Effect of Methocarbamol on Acute Pain After Traumatic Injury

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Abstract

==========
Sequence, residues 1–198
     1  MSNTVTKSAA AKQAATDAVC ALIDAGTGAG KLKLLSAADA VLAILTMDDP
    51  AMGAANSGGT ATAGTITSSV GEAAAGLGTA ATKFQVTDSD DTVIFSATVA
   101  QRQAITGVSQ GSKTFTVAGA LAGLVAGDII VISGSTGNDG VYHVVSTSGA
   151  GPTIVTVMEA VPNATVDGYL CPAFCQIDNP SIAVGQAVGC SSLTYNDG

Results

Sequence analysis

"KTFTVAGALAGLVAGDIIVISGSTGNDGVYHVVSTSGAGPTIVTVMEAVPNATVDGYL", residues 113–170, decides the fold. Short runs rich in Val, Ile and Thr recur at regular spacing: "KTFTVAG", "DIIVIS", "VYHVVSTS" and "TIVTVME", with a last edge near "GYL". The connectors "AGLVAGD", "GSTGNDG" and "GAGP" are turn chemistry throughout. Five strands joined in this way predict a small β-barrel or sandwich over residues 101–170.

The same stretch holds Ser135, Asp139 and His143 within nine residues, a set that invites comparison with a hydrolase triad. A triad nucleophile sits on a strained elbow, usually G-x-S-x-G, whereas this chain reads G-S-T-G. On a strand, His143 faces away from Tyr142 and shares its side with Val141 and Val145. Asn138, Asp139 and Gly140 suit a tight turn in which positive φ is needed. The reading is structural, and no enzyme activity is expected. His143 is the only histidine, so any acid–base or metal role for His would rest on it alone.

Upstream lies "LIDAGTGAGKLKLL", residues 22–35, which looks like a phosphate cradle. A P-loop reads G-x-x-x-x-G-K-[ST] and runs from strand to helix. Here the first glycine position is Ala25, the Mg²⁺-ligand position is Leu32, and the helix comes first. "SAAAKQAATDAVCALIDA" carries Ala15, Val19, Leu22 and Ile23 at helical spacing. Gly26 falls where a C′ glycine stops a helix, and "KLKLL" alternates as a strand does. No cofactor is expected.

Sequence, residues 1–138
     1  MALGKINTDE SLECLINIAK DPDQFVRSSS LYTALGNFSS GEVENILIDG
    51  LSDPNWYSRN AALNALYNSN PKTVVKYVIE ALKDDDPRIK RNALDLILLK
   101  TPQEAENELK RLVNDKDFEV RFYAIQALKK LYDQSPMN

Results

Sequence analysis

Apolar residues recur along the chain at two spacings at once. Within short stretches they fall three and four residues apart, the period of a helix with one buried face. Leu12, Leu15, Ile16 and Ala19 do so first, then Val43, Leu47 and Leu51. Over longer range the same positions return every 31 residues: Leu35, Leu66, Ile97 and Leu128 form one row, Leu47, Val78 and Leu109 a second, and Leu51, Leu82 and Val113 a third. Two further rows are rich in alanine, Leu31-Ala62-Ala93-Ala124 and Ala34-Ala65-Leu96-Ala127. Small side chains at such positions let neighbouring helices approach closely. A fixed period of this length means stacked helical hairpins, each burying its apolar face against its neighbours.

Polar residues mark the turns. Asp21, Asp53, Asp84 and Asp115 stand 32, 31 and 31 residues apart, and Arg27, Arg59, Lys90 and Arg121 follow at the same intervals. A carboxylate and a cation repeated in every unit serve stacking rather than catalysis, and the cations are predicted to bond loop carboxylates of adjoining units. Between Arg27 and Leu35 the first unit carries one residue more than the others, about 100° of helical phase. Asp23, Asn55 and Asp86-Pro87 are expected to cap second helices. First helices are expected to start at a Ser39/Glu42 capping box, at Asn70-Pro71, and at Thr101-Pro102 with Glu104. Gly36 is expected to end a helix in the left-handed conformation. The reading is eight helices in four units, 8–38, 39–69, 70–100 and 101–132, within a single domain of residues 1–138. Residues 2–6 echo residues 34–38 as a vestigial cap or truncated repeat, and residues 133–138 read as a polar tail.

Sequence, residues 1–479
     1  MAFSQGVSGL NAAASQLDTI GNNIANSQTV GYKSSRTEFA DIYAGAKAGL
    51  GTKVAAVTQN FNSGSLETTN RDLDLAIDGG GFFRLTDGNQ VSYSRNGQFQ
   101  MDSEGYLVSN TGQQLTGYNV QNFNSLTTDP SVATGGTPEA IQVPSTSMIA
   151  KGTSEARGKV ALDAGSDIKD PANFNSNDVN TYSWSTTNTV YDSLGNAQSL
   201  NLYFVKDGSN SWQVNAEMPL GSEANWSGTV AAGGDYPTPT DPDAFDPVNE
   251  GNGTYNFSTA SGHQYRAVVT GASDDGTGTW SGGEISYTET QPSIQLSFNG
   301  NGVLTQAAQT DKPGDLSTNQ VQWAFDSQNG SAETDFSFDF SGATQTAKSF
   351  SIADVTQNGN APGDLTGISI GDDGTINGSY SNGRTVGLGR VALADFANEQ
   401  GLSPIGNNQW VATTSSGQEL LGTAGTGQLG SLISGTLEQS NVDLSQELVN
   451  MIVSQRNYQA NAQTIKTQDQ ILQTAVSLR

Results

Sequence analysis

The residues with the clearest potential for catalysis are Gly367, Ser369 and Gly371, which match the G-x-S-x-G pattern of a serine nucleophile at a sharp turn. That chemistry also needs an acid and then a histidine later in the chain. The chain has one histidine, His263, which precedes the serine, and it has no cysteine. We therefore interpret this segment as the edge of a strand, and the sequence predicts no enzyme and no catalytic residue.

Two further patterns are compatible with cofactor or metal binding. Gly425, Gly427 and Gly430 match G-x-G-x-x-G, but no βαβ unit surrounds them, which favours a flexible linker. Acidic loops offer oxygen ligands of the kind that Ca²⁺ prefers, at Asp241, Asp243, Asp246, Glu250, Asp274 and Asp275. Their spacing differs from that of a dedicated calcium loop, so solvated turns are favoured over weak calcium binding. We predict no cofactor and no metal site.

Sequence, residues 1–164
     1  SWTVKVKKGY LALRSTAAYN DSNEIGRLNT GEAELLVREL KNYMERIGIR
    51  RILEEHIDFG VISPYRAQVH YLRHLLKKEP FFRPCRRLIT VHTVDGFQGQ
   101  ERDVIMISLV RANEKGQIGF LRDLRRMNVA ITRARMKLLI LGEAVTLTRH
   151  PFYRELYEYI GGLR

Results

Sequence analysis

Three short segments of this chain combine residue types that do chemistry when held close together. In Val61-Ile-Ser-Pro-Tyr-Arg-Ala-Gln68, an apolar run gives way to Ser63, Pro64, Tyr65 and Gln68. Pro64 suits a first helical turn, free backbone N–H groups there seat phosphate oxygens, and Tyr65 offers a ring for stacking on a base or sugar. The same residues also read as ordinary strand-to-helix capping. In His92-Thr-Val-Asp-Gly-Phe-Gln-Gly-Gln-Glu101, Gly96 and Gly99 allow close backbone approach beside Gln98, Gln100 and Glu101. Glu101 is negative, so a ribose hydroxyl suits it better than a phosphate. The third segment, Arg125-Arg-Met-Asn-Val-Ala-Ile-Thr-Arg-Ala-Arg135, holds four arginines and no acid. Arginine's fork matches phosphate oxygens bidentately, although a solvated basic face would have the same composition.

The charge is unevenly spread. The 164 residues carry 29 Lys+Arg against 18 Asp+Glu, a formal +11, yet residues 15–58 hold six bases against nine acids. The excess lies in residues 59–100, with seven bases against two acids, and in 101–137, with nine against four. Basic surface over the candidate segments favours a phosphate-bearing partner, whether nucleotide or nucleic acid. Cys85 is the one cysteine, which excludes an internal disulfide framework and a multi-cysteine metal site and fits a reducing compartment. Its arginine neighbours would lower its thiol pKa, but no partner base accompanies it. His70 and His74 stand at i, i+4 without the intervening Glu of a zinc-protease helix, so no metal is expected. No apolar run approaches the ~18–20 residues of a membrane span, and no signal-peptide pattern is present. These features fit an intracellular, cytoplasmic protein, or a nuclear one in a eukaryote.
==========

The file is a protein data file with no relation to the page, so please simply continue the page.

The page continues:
There is interest in the use of methocarbamol as an adjunctive agent for pain control after traumatic injury. The primary objective of this study was to determine the effect of methocarbamol on pain measurements after acute injury. This was a retrospective, matched cohort study conducted at an academic medical center in the United States. Consecutive adult (age ≥18 years) patients who were admitted to the hospital between June 1, 2012 and June 30, 2013 because of a traumatic injury were evaluated. Patient cases receiving methocarbamol for at least 3 days were matched to controls that did not receive methocarbamol based on age, sex, and injury severity. The primary outcome measures of pain scores were assessed on numerical rating scale from 0 to 10 (0 = no pain; 10 = worst possible pain) and conducted during routine patient care. A total of 200 patients were included in the final cohort (100 in each group). In the overall cohort, the mean age was 49 ± 22 years, 67% were men, and mean International Classification of Disease–derived Injury Severity Score was 0.8 ± 0.1 in both groups. There was no significant association between methocarbamol use and mean pain score on day 1 [coefficient 0.09, 95% confidence interval (CI), −0.57 to 0.75, P = 0.782, model R2 = 0.43], day 2 (coefficient 0.47, 95% CI, −0.15 to 1.09, P = 0.140, model R2 = 0.42), or day 3 (coefficient 0.51, 95% CI, −0.13 to 1.16, P = 0.117, model R2 = 0.42) after injury. Methocarbamol did not improve pain control after traumatic injury during the first 3 days of hospitalization.

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